The Sunset Fish, named for its beautiful red, purple, indigo, and blue coloration, lives in rivers in streams in Mid-Sarvonia, including the Luquador and Rayne River. It eats insects and some algae, and is eaten itself by carnivores like bears and wild cats, but also by ogres, trolls, orcs, and humans.
The Sunset Fish is about a fore long from its snout to the tip of the back or
tail fin. As their name implies, their scales are brightly colored, and are pink
to dark red on their underside, shading into a grayish to dark purple on the
sides, then to an indigo color on the back. The single back fin that the Sunset
Fish have is a deep blue, sometimes making it blend into the waters and helping
to camouflage the fish. The head from the gill cover to
the eye and around the jaw tends to be more reddish-purple and the top of the
nose and head are more indigo and blue. All of the scales have a slightly
silvery glint to them. The eyes are usually a metallic yellow.
The back fin, also known as the rakfin, projects from the top of the fish’s body, and is about 6 nailsbreadths high at the highest point, at the center of the fin. The longest rib of the fin is 6 nailsbreadths long while the shortest, at the back, is a little less than 1.5 nailsbreadths long. The Sunset Fish also has two ventral fins, one in the center of the abdomen, called the pelvic fin, and another in the back near the tail, called the anal fin. The pelvic fin sticks out about 3 nailsbreadths from the fish’s body, moving diagonally downwards, and then moving back to the fish’s body like a partially open fan. The anal fin sticks out 2.5 nailsbreadths from the body and appears as a circle shifted slightly backwards. Both of the ventral fins are a yellowish or orangish pink.
The rakfin is 8 nailsbreadths from the body to the tip of the point of the fin. The distance between the two points of the tail is approximately 9 nailsbreadths. The shape of the rakfin fin is distinct, sharply curving inwards in the center, and shading from a reddish purple at the bottom to a deep indigo blue at the top. The wing fin, appearing just behind the gills on either side of the fish’s body, is roughly triangular and is approximately 4.5 nailsbreadths long. Usually it’s a deep purplish color, though the bottom tips may be tinted with crimson.
The Sunset fish have few special abilities. It does not have exceptional speed,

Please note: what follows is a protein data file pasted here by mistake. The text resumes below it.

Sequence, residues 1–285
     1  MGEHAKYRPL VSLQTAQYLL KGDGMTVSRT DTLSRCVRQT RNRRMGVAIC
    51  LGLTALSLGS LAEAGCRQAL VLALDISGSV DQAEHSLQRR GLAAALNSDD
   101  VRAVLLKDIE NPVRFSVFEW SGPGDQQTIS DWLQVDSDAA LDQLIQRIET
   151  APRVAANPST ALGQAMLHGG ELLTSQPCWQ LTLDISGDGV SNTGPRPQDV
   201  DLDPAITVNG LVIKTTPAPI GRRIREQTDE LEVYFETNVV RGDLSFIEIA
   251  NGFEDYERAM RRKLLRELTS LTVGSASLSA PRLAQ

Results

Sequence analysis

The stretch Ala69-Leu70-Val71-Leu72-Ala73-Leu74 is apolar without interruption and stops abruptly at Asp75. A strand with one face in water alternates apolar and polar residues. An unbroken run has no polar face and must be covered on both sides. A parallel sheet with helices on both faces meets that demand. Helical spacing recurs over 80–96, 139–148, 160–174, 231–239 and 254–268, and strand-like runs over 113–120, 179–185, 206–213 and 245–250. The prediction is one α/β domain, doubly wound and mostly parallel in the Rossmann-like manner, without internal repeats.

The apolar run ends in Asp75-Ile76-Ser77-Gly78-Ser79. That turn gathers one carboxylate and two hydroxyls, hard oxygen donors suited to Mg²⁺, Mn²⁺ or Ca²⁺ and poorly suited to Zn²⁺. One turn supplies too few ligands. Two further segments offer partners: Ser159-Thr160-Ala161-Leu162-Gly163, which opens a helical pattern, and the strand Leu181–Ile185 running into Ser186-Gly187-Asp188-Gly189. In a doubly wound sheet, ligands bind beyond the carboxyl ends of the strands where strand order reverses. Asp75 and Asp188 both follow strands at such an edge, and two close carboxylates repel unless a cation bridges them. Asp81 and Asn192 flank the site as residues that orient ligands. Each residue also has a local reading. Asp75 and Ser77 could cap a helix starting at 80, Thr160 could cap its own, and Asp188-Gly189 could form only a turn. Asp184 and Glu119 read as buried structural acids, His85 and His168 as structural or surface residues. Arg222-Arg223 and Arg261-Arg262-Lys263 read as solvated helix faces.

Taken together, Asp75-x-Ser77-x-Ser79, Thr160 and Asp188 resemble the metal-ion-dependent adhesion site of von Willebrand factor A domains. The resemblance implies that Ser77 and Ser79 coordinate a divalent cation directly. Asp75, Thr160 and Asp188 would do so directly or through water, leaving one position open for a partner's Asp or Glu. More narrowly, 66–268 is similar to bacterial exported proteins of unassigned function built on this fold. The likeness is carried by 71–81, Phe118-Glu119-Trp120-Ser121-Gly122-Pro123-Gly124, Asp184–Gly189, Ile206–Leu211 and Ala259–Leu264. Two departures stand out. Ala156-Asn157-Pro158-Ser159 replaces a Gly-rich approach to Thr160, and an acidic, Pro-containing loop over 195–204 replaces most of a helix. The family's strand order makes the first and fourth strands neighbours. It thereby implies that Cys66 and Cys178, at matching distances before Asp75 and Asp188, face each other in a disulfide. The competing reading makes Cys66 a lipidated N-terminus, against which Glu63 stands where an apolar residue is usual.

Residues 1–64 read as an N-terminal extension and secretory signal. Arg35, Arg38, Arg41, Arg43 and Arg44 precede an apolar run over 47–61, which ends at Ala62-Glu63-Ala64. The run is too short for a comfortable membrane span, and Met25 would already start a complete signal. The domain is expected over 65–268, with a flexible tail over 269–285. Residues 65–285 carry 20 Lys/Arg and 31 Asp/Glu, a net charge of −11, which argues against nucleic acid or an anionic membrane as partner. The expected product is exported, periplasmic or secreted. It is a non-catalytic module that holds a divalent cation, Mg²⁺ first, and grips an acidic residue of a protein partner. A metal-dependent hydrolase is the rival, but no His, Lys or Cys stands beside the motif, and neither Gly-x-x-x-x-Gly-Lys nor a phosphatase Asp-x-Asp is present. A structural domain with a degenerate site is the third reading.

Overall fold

though it can dart quite quickly. Its reaction time is speedy, which is why, if
one fancies a Sunset Fish dinner, they had best have a quick hand and a sharp
eye. However, these fish are not very bright and if
startled, will forget their fear in a few moments, losing all knowledge of prior
Territory. The Sunset Fish prefers rivers in mid-Sarvonia, including the Liben River, the Quest River, the Luquador River, the Rayne River, and the Vandrina River. However, it lives most populously in the Luquador and Rayne Rivers. Sunset Fish are rarely found in still waters and cannot live in salt water.
Habitat/Behaviour. The Sunset Fish tends to prefer both slow and fast-moving rivers and streams, usually of the colder variety, that house many different algae and are surrounded by trees and flowers. The surrounding vegetation may increase the amount of insects that fall into their habitats among the water, as well as the amount of larva hatched in the shallow parts of the river. The Sunset Fish has been known to jump out of the water to catch insects above the surface and aren’t quite as shy as most other fish.
Sunset Fish travel in small scuals, rarely exceeding ten, and typically averaging around six or seven. Many of these scuals are made up of fish that are related or that were hatched together in the same nest. However, though they are typically related, they are not at all willing to share food. Like most fish, they sleep for short periods of time, usually a few hours a few times a day that involves them being inactive, though they will continue to move their fins to keep their place in the water.